Thus, the issue in this case was whether the Court has the power to entertain an application under Section 9(1) once an Arbitral Tribunal has been constituted. If so, the true meaning and purport of the expression "entertain" in Section 9(3). The bench made the following observations in this regard:

Meaning of Expression Entertain

93. It is now well settled that the expression "entertain" means to consider by application of mind to the issues raised. The Court entertains a case when it takes a matter up for consideration. The process of consideration could continue till the pronouncement of judgment.. Once an Arbitral Tribunal is constituted the Court cannot take up an application under Section 9 for consideration, unless the remedy under Section 17 is inefficacious. However, once an application is entertained in the sense it is taken up for consideration, and the Court has applied its mind to the Court can certainly proceed to adjudicate the application

No reason why the Court should continue to take up applications for interim relief, once the Arbitral Tribunal is constituted

68. With the law as it stands today, the Arbitral Tribunal has the same power to grant interim relief as the Court and the remedy under Section 17 is as efficacious as the remedy under Section 9(1). There is, therefore, no reason why the Court should continue to take up applications for interim relief, once the Arbitral Tribunal is constituted and is in seisin of the dispute between the parties, unless there is some impediment in approaching the Arbitral Tribunal, or the interim relief sought cannot expeditiously be obtained from the Arbitral Tribunal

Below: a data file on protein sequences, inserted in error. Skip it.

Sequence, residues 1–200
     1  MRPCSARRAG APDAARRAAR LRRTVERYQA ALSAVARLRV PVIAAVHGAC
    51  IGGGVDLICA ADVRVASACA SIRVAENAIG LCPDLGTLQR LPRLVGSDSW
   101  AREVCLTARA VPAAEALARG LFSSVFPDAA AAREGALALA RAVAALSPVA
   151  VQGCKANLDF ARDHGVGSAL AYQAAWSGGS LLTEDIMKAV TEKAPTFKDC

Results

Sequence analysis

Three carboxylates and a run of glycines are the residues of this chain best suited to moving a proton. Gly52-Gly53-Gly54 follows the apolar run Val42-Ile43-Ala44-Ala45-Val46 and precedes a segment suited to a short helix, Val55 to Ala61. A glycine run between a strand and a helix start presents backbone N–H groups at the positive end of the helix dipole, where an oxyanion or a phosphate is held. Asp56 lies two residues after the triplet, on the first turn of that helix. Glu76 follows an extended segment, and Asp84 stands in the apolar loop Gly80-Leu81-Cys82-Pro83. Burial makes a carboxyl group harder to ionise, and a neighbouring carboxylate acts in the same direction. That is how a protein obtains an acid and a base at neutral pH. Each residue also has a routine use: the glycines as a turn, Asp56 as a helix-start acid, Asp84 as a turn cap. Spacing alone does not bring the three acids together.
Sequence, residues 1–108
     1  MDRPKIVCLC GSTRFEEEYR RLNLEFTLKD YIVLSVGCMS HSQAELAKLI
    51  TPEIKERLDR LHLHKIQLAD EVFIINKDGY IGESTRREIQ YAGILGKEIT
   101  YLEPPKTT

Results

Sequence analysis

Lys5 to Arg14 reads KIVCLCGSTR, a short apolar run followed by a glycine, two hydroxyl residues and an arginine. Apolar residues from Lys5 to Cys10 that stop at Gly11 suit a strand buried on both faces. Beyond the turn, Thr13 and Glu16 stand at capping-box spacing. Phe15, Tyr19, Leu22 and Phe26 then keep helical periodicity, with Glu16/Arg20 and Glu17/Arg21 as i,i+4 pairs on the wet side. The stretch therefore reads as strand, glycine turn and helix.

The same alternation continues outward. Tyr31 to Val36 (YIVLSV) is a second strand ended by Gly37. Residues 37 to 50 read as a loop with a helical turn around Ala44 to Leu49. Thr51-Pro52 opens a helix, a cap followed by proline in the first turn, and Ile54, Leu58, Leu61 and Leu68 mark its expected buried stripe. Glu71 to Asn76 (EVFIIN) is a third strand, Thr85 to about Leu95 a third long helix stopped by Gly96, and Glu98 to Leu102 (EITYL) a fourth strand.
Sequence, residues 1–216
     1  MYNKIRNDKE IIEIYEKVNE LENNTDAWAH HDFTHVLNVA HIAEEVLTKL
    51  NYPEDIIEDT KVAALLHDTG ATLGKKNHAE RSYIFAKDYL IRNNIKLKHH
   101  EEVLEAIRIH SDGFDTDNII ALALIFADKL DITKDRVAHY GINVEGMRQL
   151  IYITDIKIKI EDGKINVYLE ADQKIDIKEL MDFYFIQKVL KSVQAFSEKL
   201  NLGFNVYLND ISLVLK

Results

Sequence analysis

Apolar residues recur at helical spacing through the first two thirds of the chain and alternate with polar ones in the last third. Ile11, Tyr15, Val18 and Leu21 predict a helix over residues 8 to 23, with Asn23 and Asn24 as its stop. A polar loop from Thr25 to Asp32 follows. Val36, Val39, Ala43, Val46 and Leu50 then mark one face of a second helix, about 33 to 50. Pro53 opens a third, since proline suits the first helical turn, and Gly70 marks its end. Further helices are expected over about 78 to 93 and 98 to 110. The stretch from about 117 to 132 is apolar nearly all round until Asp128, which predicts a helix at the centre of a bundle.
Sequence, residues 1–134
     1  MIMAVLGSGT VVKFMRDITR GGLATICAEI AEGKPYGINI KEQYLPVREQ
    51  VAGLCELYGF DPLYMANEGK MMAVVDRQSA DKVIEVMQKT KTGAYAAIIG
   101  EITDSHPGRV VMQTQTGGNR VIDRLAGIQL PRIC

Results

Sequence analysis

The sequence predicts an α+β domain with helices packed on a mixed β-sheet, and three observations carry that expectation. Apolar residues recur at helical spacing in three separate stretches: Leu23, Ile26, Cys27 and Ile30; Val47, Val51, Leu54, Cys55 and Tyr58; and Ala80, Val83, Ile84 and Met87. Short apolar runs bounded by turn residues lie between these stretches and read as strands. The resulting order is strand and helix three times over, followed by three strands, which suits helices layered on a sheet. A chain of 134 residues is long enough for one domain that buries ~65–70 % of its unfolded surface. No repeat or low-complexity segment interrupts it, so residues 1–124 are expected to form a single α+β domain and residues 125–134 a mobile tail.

There could be numerous reasons which render the remedy under Section 17 inefficacious.

96. Even after an Arbitral Tribunal is constituted, there may be myriads of reasons why the Arbitral Tribunal may not be an efficacious alternative to Section 9(1). This could even be by reason of temporary unavailability of any one of the Arbitrators of an Arbitral Tribunal by reason of illness, travel etc.
100. There could be numerous reasons which render the remedy under Section 17 inefficacious. To cite an example, the different Arbitrators constituting an Arbitral Tribunal could be located at far away places and not in a position to assemble immediately. In such a case an application for urgent interim relief may have to be entertained by the Court under Section 9(1).